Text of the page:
I’m honestly not sure if my admiration for John Bassett knows many—if any—bounds.
When we first announced progarchy’s birth in the fall of 2012, Kingbathmat’s label reached out to us immediately. As objective as I’m trained to be in my own actual day-to-day profession (though, I’ve become firmly convinced that so-called objectivity is highly overrated), it’s hard not to be grateful when someone, some band, or some label contacts us. After all, it’s automatically a profound sign of trust, though always based on a leap of faith.
As reviewers and lovers of music, we’re, of course, not for sale. Still, we are rather human. Kindness and relationships make a difference in the ways we perceive artists. In no genre of music is this more true than in prog, as the audience matters so deeply to…
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With the ongoing tension over Russia’s annexation of Crimea, now would be a good time to talk about the biggest myths people believe about the origins of secessionist movements around the world (even though Crimea is a case of irredentism not secessionism).
- Myth: Secession is contagious. Back in the 1990s, journalists worried a lot that the disintegration of the Soviet Union, Czechoslovakia, Yugoslavia, and Ethiopia heralded some broader worldwide trend toward the splintering of the state. Even some scholars indulged talk of our “neomedieval” future of microstates. Now, with secession referendums in Scotland and Catalonia on the docket, a secessionist party gaining support in Quebec, that online referendum in Veneto, and recent events in the post-Soviet space, I’m seeing similar questions about whether this is a new “trend.”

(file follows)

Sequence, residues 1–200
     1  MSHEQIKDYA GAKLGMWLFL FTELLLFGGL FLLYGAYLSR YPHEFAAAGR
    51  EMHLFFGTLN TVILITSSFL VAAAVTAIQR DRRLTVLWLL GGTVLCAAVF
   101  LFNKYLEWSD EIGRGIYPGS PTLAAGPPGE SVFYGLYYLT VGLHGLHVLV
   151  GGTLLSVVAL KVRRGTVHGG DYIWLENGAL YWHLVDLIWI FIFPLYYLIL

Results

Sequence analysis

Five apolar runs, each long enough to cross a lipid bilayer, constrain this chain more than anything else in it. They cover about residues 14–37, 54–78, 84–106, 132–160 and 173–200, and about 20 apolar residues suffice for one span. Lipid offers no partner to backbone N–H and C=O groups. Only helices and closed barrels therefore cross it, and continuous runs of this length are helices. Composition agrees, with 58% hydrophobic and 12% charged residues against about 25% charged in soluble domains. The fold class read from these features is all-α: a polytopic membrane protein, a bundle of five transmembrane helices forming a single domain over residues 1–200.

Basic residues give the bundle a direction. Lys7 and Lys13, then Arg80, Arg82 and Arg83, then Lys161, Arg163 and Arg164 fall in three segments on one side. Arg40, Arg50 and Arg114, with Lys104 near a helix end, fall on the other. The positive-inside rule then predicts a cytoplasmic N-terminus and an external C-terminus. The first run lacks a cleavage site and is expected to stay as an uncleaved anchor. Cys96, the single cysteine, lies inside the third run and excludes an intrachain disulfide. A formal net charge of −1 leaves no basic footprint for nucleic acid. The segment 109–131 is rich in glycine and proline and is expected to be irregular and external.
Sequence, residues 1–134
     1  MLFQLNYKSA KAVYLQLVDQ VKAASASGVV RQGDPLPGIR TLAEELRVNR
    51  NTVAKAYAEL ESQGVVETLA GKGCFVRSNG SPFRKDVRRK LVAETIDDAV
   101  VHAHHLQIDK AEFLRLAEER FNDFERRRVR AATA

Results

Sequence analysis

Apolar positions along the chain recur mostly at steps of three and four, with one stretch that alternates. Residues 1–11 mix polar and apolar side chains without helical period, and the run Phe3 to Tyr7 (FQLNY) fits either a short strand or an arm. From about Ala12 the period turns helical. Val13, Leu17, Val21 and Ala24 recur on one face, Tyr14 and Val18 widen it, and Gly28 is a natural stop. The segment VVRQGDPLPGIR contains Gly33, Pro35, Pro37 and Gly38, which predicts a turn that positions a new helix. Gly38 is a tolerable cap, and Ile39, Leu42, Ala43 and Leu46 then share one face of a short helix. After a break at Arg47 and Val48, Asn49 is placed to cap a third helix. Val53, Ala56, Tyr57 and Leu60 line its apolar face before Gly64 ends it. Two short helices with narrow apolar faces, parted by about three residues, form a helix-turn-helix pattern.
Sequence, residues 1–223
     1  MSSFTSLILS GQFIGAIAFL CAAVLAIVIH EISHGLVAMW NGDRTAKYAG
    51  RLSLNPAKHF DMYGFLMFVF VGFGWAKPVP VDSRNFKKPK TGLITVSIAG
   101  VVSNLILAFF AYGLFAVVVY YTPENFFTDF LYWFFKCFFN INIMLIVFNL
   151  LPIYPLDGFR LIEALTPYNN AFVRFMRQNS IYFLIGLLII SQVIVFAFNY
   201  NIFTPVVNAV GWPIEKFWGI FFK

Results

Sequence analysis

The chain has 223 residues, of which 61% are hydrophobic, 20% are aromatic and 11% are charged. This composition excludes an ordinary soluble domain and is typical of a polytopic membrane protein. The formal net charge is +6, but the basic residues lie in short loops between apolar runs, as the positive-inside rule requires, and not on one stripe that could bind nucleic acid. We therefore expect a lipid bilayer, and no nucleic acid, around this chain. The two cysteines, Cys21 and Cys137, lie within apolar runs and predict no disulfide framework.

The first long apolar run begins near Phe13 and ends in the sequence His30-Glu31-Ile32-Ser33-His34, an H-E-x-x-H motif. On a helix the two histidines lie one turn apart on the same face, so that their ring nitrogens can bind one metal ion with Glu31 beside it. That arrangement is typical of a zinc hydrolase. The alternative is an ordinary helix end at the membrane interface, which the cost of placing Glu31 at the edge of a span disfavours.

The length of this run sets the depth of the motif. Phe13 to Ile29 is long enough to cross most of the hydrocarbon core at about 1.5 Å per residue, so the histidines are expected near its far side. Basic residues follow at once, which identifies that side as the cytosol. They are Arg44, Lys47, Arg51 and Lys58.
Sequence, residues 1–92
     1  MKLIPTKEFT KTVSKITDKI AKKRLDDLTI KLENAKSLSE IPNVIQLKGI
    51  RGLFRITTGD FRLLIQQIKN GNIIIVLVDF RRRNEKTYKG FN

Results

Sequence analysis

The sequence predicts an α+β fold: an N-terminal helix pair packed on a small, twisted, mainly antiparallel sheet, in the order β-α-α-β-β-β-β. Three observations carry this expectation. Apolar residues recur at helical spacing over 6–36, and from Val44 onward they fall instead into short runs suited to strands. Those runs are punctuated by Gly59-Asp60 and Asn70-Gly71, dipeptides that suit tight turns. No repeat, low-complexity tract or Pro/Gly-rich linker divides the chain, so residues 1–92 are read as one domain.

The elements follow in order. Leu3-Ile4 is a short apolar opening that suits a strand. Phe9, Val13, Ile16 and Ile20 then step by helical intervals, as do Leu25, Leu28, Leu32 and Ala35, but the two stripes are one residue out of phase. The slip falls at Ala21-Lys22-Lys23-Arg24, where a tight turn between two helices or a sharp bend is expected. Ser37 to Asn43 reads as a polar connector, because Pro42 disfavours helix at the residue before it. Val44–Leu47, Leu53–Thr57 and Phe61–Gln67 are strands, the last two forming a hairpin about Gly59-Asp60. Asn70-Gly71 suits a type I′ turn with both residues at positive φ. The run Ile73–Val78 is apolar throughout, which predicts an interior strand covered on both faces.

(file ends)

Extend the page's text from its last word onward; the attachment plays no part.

Fact: Secession happens because of particular circumstances, not contagion. Scholars have looked at the evidence every which way, and in no…
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I’ve been on Spring Break this week, and we’ve stayed home this year, which has been nice. I’ve had a chance to catch up on some reading, and I really enjoyed two books in particular – one nonfiction, and one fiction. Both will appeal to teachers and lovers of mathematics.